This autumn I am wading into the intriguing work of the late Professor Donald Capps, starting with the following three works, reviews to follow in due course:
Pastoral Care and Hermeneutics
The basic idea of this book derives from Paul Ricoeur’s view that since texts and meaningful human actions are sufficiently similar, methods and theories developed for interpreting texts may also be used for interpreting human actions. Donald Capps applies this view to the broad range of pastoral actions and, in the process, formulates a unique and helpful hermeneutical model of pastoral care. Capps maintains that such a model can be extremely useful for understanding what a particular pastoral action means to those involved in it, and for evaluating its effects on these persons.
The Depleted Self, sin in a narcissistic age
Although narcissism may appear dormant in the 1990s, clinical research on narcissism shows that behind a grandiose, exhibitionistic side lies a shame-ridden half of self-loathing, unworthiness, and depression. Capps says that traditional theologies of guilt are unable to address those gripped by shame and makes a case for a different pastoral approach in counselling and ministry.
You’ve Got to be Kidding
You’ve Got to Be Kidding!: How Jokes Can Help You Think is a thoughtful and accessible analysis of the ways in which jokes illustrate how we think critically, and how the thinking process goes awry in everyday human situations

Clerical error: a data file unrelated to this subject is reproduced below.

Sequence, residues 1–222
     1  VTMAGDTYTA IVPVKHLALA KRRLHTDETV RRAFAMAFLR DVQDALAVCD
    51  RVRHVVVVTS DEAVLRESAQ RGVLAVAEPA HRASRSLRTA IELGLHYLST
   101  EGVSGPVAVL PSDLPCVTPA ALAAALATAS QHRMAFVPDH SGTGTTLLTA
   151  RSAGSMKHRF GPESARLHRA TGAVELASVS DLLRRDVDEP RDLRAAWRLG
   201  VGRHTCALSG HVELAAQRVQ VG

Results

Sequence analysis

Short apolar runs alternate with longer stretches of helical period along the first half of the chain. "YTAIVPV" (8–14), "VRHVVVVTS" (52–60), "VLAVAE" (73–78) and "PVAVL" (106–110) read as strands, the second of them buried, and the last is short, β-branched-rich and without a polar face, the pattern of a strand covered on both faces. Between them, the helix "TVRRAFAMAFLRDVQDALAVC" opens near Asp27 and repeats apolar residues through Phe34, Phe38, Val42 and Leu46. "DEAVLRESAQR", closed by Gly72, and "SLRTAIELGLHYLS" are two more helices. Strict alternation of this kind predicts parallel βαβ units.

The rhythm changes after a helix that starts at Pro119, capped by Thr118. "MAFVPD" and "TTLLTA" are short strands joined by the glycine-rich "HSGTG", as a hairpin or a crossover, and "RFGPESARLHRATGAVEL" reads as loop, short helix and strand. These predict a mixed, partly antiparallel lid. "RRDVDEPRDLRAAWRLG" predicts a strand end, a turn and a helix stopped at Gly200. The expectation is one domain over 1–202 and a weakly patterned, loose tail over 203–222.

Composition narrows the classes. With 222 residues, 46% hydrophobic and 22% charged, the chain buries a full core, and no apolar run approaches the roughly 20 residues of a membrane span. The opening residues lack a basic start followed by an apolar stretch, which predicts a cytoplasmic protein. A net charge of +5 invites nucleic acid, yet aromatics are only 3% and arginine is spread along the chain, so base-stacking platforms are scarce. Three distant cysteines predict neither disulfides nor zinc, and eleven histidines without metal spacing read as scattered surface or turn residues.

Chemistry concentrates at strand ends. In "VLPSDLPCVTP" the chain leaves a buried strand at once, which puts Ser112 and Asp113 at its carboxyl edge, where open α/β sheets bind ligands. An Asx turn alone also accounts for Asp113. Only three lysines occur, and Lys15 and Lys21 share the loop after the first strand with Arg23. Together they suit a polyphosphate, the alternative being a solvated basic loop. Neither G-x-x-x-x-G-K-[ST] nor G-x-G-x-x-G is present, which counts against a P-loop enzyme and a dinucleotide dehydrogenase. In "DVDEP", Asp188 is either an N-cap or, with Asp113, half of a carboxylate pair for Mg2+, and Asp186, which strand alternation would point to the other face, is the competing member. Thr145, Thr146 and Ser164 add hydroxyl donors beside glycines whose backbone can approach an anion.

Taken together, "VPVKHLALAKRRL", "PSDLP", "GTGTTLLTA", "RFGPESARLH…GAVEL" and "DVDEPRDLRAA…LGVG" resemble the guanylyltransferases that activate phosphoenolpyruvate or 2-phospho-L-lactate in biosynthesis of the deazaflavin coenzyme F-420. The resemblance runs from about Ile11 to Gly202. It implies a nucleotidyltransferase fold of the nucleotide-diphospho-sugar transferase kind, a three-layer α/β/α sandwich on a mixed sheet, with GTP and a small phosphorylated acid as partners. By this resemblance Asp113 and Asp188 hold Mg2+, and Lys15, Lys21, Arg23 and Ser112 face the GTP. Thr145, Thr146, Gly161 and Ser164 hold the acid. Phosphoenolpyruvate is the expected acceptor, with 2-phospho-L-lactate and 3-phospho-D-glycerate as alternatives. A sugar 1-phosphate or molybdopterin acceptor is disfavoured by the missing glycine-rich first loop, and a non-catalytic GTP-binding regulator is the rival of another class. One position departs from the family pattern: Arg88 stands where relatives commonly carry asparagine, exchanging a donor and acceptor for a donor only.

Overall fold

- Uses jokes to illustrate the various mistakes or fallacies that are typically identified and discussed in courses on critical reasoning
- Provides an effective way to learn critical thinking skills since jokes often describe real-life situations where it really matters whether a person thinks well or not
- Demonstrates how philosophy is actually very practical and clearly related to real- life human experiences
- Explains how developing good reasoning habits can make a real difference in all aspects of one’s life
Donald Capps (January 30, 1939 – August 26, 2015) was Professor of Pastoral Psychology Emeritus and Adjunct Professor at Princeton Theological Seminary.
Leave a Reply